When rumors began to surface of an RX 590, it was easy to discount them at first — after all, we’ve heard rumors before of an RX 490, and AMD hadn’t signaled any intent to refresh Polaris this year. As time went on and it became clear that AMD had something cooking, we saw reports that the RX 590 would finally pull ahead of the GTX 1060, finally winning a fight over an opponent AMD has been tangling with for more than two years.
The final result, according to multiple reviews, is a strong showing for Polaris and the overall lead for AMD. We’ve rounded up reviews from Techgage, Anandtech, and Tech Report to get a sense of where the GPU lands. The RX 590 is a straight die-shrink of the same Polaris GPU deployed for the RX 580, with the die shrink used to provide more dark silicon between functional on-die components. Heat dissipation is a major issue in modern semiconductor design, and GPUs like the RX 590 generate quite a bit of it. Clocks on these new cards are up substantially compared with previous models; the RX 590 has a base clock of 1469MHz and a boost clock of 1545MHz, compared with 1257 / 1340 for the RX 580.
The price, unfortunately, has come up to match. Official SEP (Suggested Etail Price) for the RX 590 is $ 280, compared with $ 229 for the RX 580. In practice, there are RX 580 cards selling for just $ 200 (and it’s a damn attractive GPU at that price, for the record), which makes the large gap tougher to swallow. Memory bandwidth on the cards is unchanged from the RX 580 — 8GB of GDDR5, 256-bit memory path, and 225W of rated board power compared with a 185W rating on the RX 590. Those of you thinking “Hrm, I wonder if AMD’s performance per watt is better with this GPU?” are going to be disappointed.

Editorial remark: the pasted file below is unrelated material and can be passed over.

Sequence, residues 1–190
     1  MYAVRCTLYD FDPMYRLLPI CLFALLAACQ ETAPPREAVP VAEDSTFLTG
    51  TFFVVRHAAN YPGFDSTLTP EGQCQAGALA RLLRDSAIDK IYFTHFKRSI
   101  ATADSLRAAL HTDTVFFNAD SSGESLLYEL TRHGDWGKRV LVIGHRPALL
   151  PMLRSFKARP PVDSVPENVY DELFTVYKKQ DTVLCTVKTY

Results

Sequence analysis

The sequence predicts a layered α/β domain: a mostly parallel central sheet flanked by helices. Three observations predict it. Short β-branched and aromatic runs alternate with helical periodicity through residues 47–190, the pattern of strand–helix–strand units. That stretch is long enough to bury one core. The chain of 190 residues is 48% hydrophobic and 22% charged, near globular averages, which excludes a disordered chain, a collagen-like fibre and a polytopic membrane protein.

Then again, it’s not clear how much desktop gamers actually care about power consumption in and of itself. While there have always been people who emphasized maximum efficiency, most desktop gamers seem to care about power consumption because it’s often a rough proxy for heat and noise. GPUs that run quietly and at acceptable temperatures are often fairly well-received, regardless of a worse overall performance/watt, provided they deliver on that front as well. And by this standard, AMD has succeeded. Unlike the RX 570 and 580, which traded shots with the GTX 1060, the RX 590 is clearly, unambiguously the overall leader at its price point, whether you examine frame timing or raw frames per second. That’s the conclusion of Anandtech, Techgage, and Tech Report, summarized neatly in this graph from TR.
The RX 590’s overall performance drops it squarely into the gap between the GTX 1060 and the GTX 1070. It’s not effective competition for the latter but well ahead of the former. The problem, everyone notes, is price. Rob Williams at TechGage writes “Two games and RX 580 for $ 199 sounds more tempting to me right now than three games and RX 590 for $ 279. But that’s just me. This $ 199 pricing is dubbed a sale over at Newegg, so it’s not going to last. Maybe there was no good time to put that card on sale, but really – for $ 199, the RX 580 is a steal. Especially with two free games.” Anandtech is a bit more positive, writing that it “applies pressure to the GTX 1060 6GB and older GTX 900 series cards, while avoiding direct pressure on existing RX 580 inventory by virtue of pricing. And right now, without anything to compete with the GTX 1080 Ti/RTX 2070 range or above, AMD is likely more than happy to take any advantage where they can.”
Tech Report has the most positive take overall, stating “Perhaps more critically, the RX 590 is the first midrange card we’ve reviewed that clears the 60fps mark for 99th-percentile fps-per dollar. For 1920×1080 gaming at high or ultra settings, the RX 590 proves both swift and smooth. Can’t ask for much more than that.” Everyone generally wishes that the GPU was coming in a bit cheaper, though. At $ 250, the RX 590 would be the GPU you’d be nuts not to pick. At $ 280, the field becomes more crowded and there’s a chance that people opt to jump into more expensive price tiers, where AMD’s Vega 56 doesn’t have as strong a position against the GTX 1070 as the RX 590 has against the GTX 1060.